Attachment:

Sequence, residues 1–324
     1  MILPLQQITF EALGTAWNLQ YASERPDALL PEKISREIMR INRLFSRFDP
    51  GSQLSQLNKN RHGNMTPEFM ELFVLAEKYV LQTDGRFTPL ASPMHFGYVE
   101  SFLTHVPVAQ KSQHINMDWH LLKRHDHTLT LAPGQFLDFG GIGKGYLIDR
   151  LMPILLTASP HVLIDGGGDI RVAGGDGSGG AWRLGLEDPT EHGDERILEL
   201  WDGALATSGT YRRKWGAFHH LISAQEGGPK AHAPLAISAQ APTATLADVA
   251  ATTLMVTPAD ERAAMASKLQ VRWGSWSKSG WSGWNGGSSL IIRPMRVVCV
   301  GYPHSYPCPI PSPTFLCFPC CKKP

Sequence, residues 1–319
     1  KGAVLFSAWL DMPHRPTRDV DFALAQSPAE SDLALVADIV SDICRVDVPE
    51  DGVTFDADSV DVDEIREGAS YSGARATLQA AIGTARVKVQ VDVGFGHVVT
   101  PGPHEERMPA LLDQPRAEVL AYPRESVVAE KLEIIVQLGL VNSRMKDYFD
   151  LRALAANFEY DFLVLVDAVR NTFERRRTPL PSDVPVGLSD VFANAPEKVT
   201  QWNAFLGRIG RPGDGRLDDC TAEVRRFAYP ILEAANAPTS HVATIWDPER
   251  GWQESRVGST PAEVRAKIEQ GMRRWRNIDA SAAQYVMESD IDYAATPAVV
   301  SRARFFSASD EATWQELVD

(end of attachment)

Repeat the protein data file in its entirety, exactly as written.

Sequence, residues 1–324
     1  MILPLQQITF EALGTAWNLQ YASERPDALL PEKISREIMR INRLFSRFDP
    51  GSQLSQLNKN RHGNMTPEFM ELFVLAEKYV LQTDGRFTPL ASPMHFGYVE
   101  SFLTHVPVAQ KSQHINMDWH LLKRHDHTLT LAPGQFLDFG GIGKGYLIDR
   151  LMPILLTASP HVLIDGGGDI RVAGGDGSGG AWRLGLEDPT EHGDERILEL
   201  WDGALATSGT YRRKWGAFHH LISAQEGGPK AHAPLAISAQ APTATLADVA
   251  ATTLMVTPAD ERAAMASKLQ VRWGSWSKSG WSGWNGGSSL IIRPMRVVCV
   301  GYPHSYPCPI PSPTFLCFPC CKKP

Sequence, residues 1–319
     1  KGAVLFSAWL DMPHRPTRDV DFALAQSPAE SDLALVADIV SDICRVDVPE
    51  DGVTFDADSV DVDEIREGAS YSGARATLQA AIGTARVKVQ VDVGFGHVVT
   101  PGPHEERMPA LLDQPRAEVL AYPRESVVAE KLEIIVQLGL VNSRMKDYFD
   151  LRALAANFEY DFLVLVDAVR NTFERRRTPL PSDVPVGLSD VFANAPEKVT
   201  QWNAFLGRIG RPGDGRLDDC TAEVRRFAYP ILEAANAPTS HVATIWDPER
   251  GWQESRVGST PAEVRAKIEQ GMRRWRNIDA SAAQYVMESD IDYAATPAVV
   301  SRARFFSASD EATWQELVD